by Giselle Renarde
I'll tell you how I've been feeling lately.
I've been feeling like every worthwhile thing I'm ever going to do in my life--everything good, everything useful, everything productive--I've already done. The best is behind me. I'm just waiting out my sentence.
Last month, my mother told me I'm not a spring chicken anymore. That threw me for a loop. Isn't your mother supposed to think of you as a child for always? But when I told my girlfriend, she said, "Yeah, well you're middle aged."
My ex, who (as you know) was much older than me, used to say that every time he looked in the mirror, he expected to see his 18-year-old self. And instead he saw an old man. It was jarring.
I didn't get that when I was 19.
I get it now.
The thing I really didn't get is that a midlife crisis is... well... a crisis. Crisis in the sense of crisis counseling, crisis lines, crisis intervention. The term always made me think of sports cars and 22-year-old girlfriends, but there's more to the story. Holy Mother of God, is there more to this story.
There's a reason you try to recapture your lost youth: that's when you accomplished everything of value. Or, at least, that's when I did. Or, at least, that's how I feel. But you're talking to someone who peaked in high school. Your mileage may vary.
I'm sure there are ways to feel useful again. Volunteer work and such. But volunteer works is just one more of those things I did when I was younger. I worked in the domestic violence sector for years, and I burned out so hard I can't even tell you. I've volunteered my ass all over this city, and most organizations (the big box charities in particular) have left me disillusioned at best and disgusted at worst.
In a perfect world, I would feel fulfilled by my work. So I've devoted a lot of my time and energy to projects I felt would be helpful to others. The thing is, in order for your book to help anyone, someone in the world has to... read it. And when you get to the point where you write something super-meaningful and then you literally can't even give it away for free, it becomes pretty clear that the work isn't going to dig you out of this hole.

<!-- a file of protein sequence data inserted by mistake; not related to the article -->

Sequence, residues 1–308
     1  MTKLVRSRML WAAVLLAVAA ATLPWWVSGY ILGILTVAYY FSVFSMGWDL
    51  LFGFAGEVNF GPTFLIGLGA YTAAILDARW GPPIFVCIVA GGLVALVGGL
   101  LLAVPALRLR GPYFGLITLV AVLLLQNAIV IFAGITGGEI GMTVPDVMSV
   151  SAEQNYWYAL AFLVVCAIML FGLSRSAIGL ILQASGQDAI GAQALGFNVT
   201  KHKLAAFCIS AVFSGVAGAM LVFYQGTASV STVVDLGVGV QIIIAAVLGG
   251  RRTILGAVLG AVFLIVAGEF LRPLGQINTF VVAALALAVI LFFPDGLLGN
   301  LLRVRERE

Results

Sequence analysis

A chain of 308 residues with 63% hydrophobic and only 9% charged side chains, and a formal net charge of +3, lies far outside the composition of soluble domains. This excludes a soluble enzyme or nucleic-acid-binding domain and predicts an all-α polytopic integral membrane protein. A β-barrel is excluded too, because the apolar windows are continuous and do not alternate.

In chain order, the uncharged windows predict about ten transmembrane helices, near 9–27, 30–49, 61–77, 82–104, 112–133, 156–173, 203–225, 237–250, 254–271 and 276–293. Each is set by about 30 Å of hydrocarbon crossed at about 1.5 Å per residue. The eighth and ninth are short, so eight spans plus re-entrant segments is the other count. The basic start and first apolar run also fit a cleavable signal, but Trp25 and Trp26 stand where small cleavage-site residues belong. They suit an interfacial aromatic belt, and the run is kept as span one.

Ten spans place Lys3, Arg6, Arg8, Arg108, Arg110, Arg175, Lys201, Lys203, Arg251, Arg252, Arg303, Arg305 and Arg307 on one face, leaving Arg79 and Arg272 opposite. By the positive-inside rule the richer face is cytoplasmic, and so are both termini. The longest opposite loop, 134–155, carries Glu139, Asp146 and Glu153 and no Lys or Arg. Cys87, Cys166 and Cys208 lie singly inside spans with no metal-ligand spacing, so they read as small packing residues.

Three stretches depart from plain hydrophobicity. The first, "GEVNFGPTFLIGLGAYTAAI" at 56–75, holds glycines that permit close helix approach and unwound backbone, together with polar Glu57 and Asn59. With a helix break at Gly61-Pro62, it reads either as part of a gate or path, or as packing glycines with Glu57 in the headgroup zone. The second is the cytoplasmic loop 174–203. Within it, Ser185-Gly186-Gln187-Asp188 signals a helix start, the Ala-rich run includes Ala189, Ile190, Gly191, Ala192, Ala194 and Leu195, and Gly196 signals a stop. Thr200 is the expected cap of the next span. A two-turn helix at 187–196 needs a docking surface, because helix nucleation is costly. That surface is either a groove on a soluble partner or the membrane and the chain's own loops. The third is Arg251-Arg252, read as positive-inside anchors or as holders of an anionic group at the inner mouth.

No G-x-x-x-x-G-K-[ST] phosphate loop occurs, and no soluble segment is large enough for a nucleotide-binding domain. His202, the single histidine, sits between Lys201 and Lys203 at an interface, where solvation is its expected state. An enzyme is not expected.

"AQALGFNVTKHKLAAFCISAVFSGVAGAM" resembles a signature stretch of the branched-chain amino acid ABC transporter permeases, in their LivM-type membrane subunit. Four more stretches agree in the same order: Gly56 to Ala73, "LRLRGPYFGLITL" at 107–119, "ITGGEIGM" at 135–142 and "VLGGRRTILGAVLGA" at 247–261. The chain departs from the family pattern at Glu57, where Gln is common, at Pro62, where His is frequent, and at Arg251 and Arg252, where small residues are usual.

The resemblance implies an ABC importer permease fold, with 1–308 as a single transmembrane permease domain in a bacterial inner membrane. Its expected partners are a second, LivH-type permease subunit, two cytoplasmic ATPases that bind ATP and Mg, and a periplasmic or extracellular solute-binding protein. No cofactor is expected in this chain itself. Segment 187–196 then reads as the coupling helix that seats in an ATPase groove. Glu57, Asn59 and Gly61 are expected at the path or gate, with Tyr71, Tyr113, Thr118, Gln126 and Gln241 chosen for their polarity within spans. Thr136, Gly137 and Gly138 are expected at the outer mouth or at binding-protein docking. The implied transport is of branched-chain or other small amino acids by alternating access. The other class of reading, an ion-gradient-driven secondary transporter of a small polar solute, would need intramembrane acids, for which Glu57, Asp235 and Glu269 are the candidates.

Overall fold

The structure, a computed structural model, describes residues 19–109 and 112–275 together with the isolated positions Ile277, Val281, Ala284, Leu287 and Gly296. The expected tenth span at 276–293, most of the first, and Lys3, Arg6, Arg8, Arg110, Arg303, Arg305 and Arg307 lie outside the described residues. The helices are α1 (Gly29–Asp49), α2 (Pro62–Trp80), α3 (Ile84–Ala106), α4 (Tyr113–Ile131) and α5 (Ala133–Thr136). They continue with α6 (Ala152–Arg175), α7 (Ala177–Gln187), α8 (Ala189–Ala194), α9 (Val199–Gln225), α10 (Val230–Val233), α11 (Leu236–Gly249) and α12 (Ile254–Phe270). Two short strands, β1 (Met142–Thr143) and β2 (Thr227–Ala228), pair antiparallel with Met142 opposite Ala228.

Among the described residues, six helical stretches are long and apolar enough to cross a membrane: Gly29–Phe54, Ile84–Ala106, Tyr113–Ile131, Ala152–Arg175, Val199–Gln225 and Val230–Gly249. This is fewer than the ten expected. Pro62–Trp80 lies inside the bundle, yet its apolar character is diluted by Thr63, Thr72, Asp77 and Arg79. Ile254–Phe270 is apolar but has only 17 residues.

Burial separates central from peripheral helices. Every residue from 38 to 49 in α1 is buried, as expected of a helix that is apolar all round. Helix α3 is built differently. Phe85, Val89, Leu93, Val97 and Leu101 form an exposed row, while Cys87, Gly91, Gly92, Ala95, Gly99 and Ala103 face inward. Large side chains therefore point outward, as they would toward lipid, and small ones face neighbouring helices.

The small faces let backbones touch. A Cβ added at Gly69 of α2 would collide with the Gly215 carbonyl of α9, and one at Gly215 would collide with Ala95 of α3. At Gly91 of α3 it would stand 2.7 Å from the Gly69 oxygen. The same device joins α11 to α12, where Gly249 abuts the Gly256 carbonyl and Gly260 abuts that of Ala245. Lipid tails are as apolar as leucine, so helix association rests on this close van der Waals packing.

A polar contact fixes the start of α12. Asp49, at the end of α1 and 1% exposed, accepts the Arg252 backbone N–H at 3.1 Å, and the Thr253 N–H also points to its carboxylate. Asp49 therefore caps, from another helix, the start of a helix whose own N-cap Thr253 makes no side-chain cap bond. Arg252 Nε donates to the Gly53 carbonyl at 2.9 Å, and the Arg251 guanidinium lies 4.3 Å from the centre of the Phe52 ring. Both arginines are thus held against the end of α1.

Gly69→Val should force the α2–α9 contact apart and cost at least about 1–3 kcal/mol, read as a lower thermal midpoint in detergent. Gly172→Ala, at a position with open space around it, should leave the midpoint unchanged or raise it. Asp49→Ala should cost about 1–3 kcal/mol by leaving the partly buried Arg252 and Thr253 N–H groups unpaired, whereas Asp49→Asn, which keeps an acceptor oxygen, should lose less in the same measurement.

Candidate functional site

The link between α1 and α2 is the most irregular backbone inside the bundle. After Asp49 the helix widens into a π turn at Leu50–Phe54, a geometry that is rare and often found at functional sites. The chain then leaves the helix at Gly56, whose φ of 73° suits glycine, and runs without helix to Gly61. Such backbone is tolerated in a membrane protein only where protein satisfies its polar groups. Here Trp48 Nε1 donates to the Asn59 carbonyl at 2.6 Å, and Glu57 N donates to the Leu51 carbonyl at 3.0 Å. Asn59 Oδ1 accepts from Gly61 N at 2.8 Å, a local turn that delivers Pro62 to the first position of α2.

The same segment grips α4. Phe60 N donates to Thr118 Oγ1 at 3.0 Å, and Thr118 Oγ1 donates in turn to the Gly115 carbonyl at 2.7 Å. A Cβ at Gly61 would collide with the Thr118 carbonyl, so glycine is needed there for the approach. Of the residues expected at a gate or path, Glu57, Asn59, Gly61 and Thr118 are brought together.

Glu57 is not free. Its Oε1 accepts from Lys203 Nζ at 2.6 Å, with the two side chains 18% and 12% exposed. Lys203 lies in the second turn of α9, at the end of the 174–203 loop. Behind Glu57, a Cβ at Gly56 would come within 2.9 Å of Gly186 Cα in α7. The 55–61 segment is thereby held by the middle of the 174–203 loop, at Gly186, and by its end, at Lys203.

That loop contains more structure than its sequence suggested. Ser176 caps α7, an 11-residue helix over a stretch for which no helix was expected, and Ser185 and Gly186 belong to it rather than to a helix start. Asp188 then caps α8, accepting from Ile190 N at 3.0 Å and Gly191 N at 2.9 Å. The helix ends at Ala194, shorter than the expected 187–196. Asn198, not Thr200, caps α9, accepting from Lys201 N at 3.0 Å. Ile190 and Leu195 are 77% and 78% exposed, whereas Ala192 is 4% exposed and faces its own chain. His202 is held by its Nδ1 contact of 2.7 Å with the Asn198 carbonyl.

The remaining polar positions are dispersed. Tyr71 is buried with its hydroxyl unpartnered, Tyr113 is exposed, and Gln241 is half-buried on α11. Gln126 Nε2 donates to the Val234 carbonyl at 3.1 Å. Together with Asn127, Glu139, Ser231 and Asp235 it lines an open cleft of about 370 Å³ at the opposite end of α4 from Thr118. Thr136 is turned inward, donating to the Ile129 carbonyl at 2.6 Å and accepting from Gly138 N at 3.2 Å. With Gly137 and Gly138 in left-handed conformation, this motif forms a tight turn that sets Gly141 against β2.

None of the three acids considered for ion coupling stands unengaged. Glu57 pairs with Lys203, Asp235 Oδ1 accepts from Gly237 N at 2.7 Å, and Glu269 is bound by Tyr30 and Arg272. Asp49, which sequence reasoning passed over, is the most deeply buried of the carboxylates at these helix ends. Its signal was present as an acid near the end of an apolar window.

Now I get why people go back to what gave them pleasure as children, as youths. There's a simple joy to childhood that's so hard to recapture decades later. The lights dim over time. The world is less shiny and bright.
Maybe I've been watching too many YouTube videos about nihilism and existential angst, but lately I've been wondering if I should even bother trying to do anything of value, if anything actually has innate value anyway, or if we're all just marking time.
I remember having fantasies, when I was young. Fantasies about all the exciting things I would do in the future. I would imagine scenarios in detail. It was really energizing. Made me want to get up in the morning and work toward my goals.
Now? In midlife, or whatever this is?
I don't have fantasies anymore.
How do you get through life when it seems like your best days are behind you?
I'm taking it one day at a time.
I've been working at publishing all the stuff that's just sitting on my hard drive. Most recently, I've released the second edition of my book Ugly Naked People. It's a collection of queer fiction. This second edition has a new stories, three of which have never been published before now. No sense letting perfectly good fiction go to waste. Might as well get it out in the world.
If you're so inclined, Ugly Naked People is available from booksellers like Amazon, Smashwords, Kobo and Google Play.